I tasted potato candy for the first time last week at Watoga State Park, located in the mountains of Pocahontas County near Marlington, West Virginia. Before this trip, I never knew that this sweet confection even existed.
My Uncle Mike, Aunt Tawee, sister Mary, her family and I drove from Kansas City to Watoga for the Wagner family reunion. Mike and his siblings hail from Longacre, West Virginia, a small coal-mining town. This year, the reunion was held at a beautiful, peaceful state park where we saw black bear, deer and other wildlife, but that’s another story.
Shortly after we arrived at the park and unloaded, we made our way to a large cabin that served as the central gathering spot. I saw Wagner family members that I hadn’t visited in 20 years. Everyone exchanged greetings, hugs and handshakes. We dined on Al burgers. Again, that’s another story. Eventually, someone revealed that a stash of potato candy was in the refrigerator. I had no idea what this candy looked or tasted like. It sounded weird.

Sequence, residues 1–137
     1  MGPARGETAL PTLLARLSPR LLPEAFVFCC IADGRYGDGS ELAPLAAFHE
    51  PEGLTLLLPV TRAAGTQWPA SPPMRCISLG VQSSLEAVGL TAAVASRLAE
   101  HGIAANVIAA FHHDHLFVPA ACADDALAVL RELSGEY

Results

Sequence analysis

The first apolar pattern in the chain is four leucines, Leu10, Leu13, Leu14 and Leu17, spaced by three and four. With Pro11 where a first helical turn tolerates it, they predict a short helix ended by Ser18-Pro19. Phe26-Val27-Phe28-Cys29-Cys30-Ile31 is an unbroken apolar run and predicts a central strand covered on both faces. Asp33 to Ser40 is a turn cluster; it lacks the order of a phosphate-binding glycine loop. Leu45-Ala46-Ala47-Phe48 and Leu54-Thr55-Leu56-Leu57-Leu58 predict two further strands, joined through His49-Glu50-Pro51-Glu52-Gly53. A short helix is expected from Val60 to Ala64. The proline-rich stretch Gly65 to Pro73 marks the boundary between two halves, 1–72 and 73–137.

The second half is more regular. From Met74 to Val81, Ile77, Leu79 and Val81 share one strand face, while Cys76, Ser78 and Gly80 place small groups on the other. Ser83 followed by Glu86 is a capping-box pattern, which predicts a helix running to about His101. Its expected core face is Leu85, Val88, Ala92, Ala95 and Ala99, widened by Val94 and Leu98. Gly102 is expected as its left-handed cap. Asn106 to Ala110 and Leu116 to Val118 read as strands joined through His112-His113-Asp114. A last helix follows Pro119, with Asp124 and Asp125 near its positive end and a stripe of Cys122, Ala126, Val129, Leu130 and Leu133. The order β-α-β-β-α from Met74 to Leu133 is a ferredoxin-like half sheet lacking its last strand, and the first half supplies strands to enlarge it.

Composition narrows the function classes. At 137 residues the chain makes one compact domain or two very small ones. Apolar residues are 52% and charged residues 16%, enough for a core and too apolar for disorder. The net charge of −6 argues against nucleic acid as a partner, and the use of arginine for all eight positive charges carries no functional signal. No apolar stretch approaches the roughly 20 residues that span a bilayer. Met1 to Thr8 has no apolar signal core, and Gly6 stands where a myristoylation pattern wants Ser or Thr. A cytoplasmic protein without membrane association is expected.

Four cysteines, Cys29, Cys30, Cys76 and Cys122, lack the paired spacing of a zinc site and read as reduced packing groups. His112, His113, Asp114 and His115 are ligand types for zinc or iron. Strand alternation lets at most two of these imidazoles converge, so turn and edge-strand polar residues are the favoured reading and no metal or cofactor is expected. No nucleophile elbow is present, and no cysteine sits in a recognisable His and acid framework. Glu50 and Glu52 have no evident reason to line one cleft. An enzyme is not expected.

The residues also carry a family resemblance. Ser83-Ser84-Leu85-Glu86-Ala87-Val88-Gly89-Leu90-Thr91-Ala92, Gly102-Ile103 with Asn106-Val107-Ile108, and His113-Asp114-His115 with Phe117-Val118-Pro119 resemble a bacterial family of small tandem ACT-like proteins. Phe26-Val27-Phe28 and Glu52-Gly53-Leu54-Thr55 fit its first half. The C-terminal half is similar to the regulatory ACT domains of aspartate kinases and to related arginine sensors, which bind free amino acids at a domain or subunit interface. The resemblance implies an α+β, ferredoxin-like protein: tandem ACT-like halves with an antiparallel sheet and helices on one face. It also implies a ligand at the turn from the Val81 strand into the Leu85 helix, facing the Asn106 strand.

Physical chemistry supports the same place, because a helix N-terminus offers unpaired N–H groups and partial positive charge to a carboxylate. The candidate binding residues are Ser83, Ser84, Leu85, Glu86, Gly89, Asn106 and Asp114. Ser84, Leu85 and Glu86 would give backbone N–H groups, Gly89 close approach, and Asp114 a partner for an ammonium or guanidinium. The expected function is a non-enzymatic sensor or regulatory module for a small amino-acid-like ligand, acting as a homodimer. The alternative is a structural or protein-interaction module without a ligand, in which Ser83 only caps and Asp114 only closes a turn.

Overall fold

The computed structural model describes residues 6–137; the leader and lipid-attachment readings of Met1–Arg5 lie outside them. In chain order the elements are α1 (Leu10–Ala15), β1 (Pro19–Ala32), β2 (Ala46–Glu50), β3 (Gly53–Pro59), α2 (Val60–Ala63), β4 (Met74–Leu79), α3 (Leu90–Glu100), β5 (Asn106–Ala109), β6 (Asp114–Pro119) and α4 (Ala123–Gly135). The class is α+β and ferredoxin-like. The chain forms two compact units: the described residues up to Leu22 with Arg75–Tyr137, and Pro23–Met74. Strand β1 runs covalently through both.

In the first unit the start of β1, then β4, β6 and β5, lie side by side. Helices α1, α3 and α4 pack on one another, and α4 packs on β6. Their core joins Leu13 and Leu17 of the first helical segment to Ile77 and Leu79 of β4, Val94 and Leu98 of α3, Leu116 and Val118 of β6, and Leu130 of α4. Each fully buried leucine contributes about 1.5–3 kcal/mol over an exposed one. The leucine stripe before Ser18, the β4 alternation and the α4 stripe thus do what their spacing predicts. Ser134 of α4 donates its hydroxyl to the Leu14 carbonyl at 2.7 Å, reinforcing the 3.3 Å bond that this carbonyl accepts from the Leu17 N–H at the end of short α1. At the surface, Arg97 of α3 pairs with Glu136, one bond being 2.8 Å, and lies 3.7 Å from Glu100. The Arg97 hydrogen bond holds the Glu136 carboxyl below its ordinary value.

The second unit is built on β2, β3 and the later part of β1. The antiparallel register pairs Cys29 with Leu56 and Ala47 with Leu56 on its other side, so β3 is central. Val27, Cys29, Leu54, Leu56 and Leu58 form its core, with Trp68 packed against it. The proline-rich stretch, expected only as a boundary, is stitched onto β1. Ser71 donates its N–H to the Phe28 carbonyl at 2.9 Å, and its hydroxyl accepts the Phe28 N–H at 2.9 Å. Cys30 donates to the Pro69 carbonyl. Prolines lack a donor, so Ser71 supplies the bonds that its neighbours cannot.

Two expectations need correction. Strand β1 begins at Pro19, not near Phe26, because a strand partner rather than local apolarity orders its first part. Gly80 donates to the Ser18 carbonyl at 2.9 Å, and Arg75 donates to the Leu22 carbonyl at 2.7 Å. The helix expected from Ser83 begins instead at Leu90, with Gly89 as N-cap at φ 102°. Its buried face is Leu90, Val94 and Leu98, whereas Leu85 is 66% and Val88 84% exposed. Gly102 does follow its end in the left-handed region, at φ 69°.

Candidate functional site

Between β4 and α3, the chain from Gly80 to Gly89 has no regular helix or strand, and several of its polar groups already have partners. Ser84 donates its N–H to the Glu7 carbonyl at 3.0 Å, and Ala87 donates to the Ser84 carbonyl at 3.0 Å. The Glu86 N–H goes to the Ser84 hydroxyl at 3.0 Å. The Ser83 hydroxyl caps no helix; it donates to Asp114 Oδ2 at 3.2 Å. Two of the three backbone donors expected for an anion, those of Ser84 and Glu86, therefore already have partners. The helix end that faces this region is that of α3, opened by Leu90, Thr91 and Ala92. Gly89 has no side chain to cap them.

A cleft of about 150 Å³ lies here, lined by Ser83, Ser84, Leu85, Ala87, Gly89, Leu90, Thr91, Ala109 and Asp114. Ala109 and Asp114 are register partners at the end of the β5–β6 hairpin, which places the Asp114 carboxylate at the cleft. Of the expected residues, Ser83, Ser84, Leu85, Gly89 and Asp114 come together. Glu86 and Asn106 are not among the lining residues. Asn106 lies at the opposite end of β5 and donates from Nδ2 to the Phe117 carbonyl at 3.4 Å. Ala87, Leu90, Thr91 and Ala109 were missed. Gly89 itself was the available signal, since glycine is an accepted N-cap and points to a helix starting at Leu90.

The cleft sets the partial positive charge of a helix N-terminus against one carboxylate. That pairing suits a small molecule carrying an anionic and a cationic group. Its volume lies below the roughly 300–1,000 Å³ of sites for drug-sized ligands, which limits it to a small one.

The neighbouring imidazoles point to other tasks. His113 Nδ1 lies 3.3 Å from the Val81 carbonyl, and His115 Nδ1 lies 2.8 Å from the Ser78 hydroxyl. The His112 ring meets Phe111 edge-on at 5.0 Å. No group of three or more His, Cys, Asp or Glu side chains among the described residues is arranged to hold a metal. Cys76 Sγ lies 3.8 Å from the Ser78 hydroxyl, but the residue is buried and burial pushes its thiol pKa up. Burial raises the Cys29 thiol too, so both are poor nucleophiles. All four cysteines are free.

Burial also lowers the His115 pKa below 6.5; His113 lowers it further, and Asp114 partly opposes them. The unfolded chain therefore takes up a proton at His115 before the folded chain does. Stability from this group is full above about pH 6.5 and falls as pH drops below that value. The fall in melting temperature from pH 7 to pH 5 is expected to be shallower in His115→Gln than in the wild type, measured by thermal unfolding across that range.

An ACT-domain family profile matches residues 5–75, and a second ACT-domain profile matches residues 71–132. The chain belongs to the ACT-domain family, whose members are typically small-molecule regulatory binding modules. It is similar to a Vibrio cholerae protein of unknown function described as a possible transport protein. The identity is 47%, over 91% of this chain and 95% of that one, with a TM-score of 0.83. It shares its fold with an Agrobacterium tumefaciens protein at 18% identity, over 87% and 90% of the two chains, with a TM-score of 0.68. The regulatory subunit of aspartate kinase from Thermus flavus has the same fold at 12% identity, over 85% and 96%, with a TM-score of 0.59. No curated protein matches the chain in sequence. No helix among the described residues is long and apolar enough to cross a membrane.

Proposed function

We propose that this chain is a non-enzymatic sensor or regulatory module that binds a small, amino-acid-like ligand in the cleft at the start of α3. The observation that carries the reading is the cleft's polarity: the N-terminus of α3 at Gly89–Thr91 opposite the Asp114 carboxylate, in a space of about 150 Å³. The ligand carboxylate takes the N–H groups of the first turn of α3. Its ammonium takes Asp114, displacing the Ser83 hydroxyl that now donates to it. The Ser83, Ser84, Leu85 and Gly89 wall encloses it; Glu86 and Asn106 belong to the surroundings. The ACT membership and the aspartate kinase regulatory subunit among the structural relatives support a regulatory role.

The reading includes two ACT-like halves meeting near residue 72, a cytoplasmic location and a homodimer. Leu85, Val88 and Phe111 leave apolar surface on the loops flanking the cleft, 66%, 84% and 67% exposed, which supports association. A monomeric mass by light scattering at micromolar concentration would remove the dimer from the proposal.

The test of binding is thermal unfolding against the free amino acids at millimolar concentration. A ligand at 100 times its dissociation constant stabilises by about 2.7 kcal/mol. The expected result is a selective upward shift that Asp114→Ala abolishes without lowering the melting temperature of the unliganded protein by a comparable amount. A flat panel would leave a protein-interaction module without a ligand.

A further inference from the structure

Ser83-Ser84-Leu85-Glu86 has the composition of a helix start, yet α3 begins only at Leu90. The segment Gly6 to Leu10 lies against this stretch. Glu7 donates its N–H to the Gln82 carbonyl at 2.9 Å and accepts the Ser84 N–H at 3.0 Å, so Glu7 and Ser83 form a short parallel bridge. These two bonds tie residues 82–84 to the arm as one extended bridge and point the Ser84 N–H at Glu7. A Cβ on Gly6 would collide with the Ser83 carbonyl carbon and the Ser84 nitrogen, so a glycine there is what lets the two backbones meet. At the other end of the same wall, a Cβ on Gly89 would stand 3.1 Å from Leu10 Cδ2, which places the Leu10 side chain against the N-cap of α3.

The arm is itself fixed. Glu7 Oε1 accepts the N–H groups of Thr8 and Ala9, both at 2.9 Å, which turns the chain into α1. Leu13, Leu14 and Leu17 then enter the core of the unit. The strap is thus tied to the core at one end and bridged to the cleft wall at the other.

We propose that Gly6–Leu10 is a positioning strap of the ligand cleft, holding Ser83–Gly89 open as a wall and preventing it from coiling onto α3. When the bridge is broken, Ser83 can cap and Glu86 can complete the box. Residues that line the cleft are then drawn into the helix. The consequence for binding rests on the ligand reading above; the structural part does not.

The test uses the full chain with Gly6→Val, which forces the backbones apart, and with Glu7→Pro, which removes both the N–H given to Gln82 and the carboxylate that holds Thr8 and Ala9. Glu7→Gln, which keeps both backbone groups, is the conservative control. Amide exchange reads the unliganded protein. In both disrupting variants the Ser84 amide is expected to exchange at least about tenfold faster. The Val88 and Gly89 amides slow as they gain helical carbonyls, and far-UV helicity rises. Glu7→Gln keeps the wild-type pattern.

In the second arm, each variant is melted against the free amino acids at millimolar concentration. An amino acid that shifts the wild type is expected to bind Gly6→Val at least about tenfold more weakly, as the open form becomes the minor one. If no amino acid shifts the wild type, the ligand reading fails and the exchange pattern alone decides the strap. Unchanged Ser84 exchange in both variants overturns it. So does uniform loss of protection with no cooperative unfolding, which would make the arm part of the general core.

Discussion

Potato candy is made from four ingredients: potato, peanut butter, confectioners sugar and, if desired, food coloring. I couldn’t find any source for the origin of this sweet, but it is found throughout the South, East Coast and even New England, derived most likely from West European recipes. It’s a handy way to use up leftover mashed potatoes.
Potato candy tastes sweet (not surprisingly) like fudge. Uncle Mike begrudgingly shared a piece with the rest of his immediate and extended family. I enjoyed a bite of one piece but stayed away from the rest of the batch. A few pieces would prompt instant diabetes or a sugar coma. This part of the country was the Land of Sweet Tea. Sugar is a staple ingredient and almost required ingredient in many recipes.
Uncle Mike did share the stash of potato candy throughout the week like a king passing out bags of gold. He hid the box deep in the crowded refrigerator to protect his stash. Of course, pieces went missing from time to time but it wasn’t me gobbling them.
Here’s a recipe for potato candy with vanilla extract added.